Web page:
What in the World is Contextual Sensing?

Contributed by Michael Stanley, Freescale Semiconductor

Originally posted on Freescale’s Smart Mobile Devices Embedded Beat blog

You can’t use your phone, drive your car or even nuke a sandwich without relying on one or more electronic sensors to help you complete the task.  Their use has become ubiquitous, and most people are blissfully unaware of just how much they depend on them in their daily lives.

Last year, Freescale announced it had shipped its one billionth sensor.  With that many units in the field, you would expect that they have evolved over time.  Yesterday, Freescale announced its new Xtrinsic Sensors brand.  With the new brand introduction, Freescale is stressing the concepts of Contextual Sensing andIntelligent Integration.

The basic idea is for the sensor to intelligently process sensed data, off-loading the master controller.  Accelerometers should not just provide numeric acceleration values, they should be able to count your footsteps when you walk from one local to another – at the same time that they are informing the applications processor in your phone that it’s time to switch the display from landscape to portrait mode.

When multiple types of sensors are packaged together, they should be able to infer information about their environment, and take advantage of that to perform tasks only when it makes sense to do so.  For instance, a 6DOF (degrees of freedom) system consisting of 3 axes of accelerometer data plus 3 axes of magnetic data may use the accelerometer to tell when the device is at rest, at which point, the magnetometer is automatically recalibrated.  In a 9DOF system, you could then use the magnetometer to keep gyro drift contained to a reasonable value.  A 10DOF system might add a sensor to measure air pressure, which can be used to imply altitude.  In that case, you might use your accelerometer data to differentiate between air pressure changes resulting from walking up a staircase from those resulting from the AC kicking on in your office.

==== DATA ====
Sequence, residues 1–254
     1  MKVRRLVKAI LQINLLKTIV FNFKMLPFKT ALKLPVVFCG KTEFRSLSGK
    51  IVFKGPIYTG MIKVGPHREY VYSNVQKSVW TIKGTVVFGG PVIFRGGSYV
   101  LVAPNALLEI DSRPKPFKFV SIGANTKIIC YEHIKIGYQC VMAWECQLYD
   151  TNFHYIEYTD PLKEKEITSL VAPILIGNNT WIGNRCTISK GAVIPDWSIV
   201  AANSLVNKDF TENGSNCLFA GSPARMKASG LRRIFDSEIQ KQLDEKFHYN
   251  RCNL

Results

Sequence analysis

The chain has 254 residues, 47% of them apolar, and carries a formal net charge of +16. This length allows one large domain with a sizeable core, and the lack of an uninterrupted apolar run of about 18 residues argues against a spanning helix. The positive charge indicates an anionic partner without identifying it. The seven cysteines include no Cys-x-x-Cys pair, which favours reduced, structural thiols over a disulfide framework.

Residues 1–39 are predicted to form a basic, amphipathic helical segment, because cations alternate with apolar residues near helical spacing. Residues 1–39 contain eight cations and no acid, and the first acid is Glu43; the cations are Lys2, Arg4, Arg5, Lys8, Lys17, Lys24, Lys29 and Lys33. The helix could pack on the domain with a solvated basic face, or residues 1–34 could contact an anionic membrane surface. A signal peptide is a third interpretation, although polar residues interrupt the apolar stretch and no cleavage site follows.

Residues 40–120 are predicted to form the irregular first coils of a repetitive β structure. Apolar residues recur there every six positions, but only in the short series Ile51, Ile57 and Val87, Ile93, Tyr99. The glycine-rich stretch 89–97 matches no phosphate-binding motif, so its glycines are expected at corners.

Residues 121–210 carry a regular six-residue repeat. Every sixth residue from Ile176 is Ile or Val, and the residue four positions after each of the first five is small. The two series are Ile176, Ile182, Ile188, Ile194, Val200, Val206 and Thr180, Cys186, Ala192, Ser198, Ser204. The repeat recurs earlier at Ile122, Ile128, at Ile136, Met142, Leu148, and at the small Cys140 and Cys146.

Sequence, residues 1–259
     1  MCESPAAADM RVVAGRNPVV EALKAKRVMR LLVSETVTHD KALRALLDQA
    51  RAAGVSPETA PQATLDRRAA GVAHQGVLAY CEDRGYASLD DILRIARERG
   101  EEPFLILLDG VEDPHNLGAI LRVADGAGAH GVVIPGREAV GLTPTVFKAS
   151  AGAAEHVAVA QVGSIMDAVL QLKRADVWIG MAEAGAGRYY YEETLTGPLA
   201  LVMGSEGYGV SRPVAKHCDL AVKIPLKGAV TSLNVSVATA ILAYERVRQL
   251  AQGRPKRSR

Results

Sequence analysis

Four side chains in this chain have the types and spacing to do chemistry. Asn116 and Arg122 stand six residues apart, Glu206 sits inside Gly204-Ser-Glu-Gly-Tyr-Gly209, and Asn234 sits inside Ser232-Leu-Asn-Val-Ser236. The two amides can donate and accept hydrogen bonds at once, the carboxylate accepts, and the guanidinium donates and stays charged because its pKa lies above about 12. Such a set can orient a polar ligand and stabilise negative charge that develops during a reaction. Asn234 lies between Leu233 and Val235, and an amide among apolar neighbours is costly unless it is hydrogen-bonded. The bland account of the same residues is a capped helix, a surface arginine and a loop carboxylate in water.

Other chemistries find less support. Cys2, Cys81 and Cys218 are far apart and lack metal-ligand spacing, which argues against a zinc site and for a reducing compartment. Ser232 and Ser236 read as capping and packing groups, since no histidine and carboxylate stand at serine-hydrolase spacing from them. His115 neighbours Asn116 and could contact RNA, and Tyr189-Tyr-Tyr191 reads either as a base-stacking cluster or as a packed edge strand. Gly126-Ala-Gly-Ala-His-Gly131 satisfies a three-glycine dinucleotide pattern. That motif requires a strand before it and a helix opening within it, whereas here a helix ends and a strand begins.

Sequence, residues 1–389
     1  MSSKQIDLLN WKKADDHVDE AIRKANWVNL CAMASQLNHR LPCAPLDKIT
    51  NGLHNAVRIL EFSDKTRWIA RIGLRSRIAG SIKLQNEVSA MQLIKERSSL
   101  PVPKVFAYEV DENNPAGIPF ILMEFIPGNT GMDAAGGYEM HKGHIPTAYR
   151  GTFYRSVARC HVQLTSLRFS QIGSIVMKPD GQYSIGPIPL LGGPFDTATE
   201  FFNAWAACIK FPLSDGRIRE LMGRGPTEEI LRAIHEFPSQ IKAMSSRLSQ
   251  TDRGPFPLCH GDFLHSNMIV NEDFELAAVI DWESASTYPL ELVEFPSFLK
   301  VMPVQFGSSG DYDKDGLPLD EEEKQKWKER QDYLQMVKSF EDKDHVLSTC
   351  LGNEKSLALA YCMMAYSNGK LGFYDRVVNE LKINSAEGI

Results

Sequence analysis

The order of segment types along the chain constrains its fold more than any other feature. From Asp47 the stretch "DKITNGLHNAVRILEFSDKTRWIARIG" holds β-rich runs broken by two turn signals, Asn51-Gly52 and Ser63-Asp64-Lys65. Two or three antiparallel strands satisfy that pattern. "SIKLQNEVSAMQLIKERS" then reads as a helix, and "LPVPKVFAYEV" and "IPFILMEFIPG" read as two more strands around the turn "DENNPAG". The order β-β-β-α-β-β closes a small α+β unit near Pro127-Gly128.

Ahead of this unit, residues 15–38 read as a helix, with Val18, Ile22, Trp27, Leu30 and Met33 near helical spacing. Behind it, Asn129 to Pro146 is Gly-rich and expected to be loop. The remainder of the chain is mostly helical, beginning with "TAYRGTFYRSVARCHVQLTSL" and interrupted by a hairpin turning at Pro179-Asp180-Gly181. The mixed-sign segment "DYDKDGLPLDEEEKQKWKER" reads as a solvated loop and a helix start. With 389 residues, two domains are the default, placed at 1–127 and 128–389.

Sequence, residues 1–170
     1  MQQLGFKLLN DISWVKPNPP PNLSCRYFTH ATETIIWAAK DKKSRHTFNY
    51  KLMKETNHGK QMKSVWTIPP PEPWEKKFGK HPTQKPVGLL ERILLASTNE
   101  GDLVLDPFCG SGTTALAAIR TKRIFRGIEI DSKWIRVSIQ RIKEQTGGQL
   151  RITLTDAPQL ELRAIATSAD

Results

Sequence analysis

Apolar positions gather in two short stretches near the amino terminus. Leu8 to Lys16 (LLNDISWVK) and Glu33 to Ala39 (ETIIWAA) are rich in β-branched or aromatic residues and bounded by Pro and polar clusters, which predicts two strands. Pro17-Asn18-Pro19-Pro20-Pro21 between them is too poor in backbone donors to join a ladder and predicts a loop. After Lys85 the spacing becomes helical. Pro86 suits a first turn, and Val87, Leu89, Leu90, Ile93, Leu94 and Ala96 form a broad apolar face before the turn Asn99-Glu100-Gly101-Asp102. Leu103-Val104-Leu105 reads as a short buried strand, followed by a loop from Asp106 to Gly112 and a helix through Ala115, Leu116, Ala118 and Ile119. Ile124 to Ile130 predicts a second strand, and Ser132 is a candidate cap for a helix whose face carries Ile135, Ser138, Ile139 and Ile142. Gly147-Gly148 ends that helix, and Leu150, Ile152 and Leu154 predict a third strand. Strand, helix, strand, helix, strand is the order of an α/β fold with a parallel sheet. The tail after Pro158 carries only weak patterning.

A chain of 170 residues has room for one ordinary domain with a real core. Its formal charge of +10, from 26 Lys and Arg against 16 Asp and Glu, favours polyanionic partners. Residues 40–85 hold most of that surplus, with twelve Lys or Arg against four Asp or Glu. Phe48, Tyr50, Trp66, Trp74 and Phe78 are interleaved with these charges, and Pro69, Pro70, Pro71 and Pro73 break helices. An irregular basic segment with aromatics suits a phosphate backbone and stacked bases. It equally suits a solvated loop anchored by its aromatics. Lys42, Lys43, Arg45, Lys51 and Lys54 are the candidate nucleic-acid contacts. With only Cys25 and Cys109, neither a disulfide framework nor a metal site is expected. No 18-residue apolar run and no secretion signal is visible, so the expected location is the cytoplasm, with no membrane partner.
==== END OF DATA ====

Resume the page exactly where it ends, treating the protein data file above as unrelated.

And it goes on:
Some of the features above are available today.  Some are still accomplished only with sensor fusion at the PCB level.  Over time, more of them will be available as integrated solutions.  I’m looking forward to being part of that evolution.

If you’re reading this blog, you probably share my interest in the sensors field.  Besides the usual technical rags like EDN or EE Times, you may also benefit by checking out the IEEE Sensors Journal and the Open Access Sensors journal.  Freescale also has an active channel on YouTube that includes a number of videos touching on sensor applications.

My next post will introduce the MMA9550L Motion Sensing Platform.  It’s a lot of fun in a very small package.  If you are designing power-sensitive portable systems that need to respond to user movements, this device is for you!

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